"Another officer," I said quietly; "his name is Thorold. I saw him last summer, Mrs. Sandford; and I know about him. He is a good one to go with."

"I can't ask Grant anything," she said, looking doubtful. "He knows everybody."

"It is not needful," I answered. "I am going to take the indulgence this once. I think it will do me good."

"Daisy, my dear!" said Mrs. Sandford – "You are as good as possible – but you have a will of your own. All you Southerners have, I think."

I replied that I was a Northerner; and the talk went to other things. Mrs. Sandford left me with a kiss and the injunction to take care of myself. I was very glad to get off so, for she looked a little unsatisfied. My way was clear now. I dressed with a bounding heart, mounted, and was away with Mr. Thorold; feeling beneath all my gladness that now was my time and my only time for doing all the difficult work I had set myself. But gladness was uppermost, as I found myself in the saddle and away, with Mr. Thorold by my side; – for once free and alone together; – gladness that kept us both still I think; for we exchanged few words till we were clear of the city and out upon the open country. There we slackened bridle, and I began to feel that the minutes were exceedingly precious. I dreaded lest some words of Christian's should make it impossible for me to do what I had to do.

"Christian," I began, "I have things to talk to you about."

"Well," said he brightly, "you shall. Will it take a great while, Daisy? Because I have things to talk to you about."

"Not a great while, I hope," I said, almost stammering.

"You shall talk what you will, darling. But wait till we get a better place."

I would have liked the place where we were, and the time. Better where the road was rough than where it was smooth; easier where there was something to make interruption than where Christian could give too exclusive heed to me. But I could not gainsay him; and we rode on, till we came to a piece of pretty broken ground with green turf and trees. Here Mr. Thorold stopped and proposed that we should dismount; he said we should talk more at our ease so. I thought my predetermined measures of dignity could be more easily maintained on horseback; but I could not bear to refuse him, and he did not mean to be refused, I saw. He had dismounted even while he spoke, and throwing his horse's bridle over the branch of a tree, came to lift me down; first throwing his cap on the grass. Then keeping me in his arms and bending a brilliant inquisitive look on my face, he asked me,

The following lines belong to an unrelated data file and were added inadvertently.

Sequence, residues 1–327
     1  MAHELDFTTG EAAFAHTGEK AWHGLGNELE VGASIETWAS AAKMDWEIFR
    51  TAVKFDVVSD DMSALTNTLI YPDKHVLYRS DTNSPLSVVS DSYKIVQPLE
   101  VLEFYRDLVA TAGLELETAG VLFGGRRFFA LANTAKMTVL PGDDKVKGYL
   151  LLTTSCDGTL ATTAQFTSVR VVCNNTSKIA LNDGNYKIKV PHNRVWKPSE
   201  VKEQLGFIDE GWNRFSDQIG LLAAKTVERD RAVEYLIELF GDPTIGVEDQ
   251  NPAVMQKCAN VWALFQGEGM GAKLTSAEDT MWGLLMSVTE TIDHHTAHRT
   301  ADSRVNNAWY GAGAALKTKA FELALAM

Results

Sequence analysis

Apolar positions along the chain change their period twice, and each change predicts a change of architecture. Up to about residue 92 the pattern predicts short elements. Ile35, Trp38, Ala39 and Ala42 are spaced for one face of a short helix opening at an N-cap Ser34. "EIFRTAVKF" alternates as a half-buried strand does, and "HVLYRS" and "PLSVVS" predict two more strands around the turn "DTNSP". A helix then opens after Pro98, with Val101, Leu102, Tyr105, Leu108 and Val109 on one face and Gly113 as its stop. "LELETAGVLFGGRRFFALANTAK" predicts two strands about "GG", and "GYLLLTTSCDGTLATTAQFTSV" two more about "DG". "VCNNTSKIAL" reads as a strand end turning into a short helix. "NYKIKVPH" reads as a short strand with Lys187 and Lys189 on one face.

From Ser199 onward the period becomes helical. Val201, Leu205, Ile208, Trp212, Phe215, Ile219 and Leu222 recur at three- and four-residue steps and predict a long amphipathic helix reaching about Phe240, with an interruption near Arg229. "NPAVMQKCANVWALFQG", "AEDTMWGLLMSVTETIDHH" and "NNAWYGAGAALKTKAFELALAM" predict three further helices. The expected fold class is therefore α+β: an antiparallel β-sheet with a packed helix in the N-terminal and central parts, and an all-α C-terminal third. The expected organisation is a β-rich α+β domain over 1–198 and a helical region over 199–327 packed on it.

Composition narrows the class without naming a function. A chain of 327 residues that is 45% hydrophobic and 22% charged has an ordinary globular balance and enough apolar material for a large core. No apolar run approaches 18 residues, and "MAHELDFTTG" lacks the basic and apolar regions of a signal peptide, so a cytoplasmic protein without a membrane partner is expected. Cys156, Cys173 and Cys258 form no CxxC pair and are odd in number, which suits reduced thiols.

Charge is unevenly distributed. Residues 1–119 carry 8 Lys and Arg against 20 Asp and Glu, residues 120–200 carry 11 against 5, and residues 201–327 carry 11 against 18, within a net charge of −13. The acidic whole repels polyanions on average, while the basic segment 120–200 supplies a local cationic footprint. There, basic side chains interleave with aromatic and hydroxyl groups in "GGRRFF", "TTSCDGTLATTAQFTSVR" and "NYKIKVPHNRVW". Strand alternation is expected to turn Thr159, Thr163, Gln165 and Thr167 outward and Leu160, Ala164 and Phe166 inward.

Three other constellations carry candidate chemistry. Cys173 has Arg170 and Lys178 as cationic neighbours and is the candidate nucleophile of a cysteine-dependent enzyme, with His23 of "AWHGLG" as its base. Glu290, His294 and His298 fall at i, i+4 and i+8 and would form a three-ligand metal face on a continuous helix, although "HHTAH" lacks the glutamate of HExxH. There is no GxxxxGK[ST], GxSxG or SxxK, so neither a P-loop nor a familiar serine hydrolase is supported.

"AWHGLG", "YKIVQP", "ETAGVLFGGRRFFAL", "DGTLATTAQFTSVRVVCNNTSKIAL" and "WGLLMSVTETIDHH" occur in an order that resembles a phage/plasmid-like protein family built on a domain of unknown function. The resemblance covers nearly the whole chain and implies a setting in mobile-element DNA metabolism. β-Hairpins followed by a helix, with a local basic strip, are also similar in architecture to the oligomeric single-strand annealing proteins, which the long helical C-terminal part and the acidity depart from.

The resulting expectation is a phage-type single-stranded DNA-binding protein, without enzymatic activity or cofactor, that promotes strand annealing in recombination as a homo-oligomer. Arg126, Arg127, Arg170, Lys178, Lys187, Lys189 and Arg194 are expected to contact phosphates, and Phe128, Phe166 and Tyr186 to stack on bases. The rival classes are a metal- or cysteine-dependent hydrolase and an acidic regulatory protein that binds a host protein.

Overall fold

"Daisy – is this my Daisy, as I left her?"

I could not help answering a plain yes. Nothing in me was changed; and come what might, that was true. No other answer would have been true. And I could not blame him that he held me fast and kissed me, almost as he had done that first time. Almost; but the kisses were more grave and deliberate now; every one seemed a seal and a taking possession. Indeed the whole manner of Mr. Thorold had taken gravity and manliness and purpose; he was changed, as it would have taken much longer in other circumstances to change a man. I stood still and trembled, I believe; but I could no more check him than I could that first night.

Still holding me fast, he lifted my face a little and smiling asked me, what Daisy had to say to him? The tone, tender and happy, was as much as I could bear; more than I could answer. He led me a little way, arranged a seat for me on a green bank, and threw himself down by my side. But that was very inconvenient, for he could look up right into my face.

"Business, Daisy?" he said gayly and tenderly at once. The tone seemed to .touch the colour in my cheeks and the droop of my eyes.

"Yes," I said. "It is business."

"Well, what, love?"

"Christian," said I, putting my hand in his, "you know papa and mamma do not know of this."

"They shall know, as soon as I can write to them, he answered. "I understand – you do not wish that, Daisy; but see – I cannot leave it unsaid, as long as your thought would leave it. Till they know, I have only half a right to you. I cannot live so."

"You must," I whispered, – "till this war is over."

"What then?" said he quickly. "How will that help the matter?"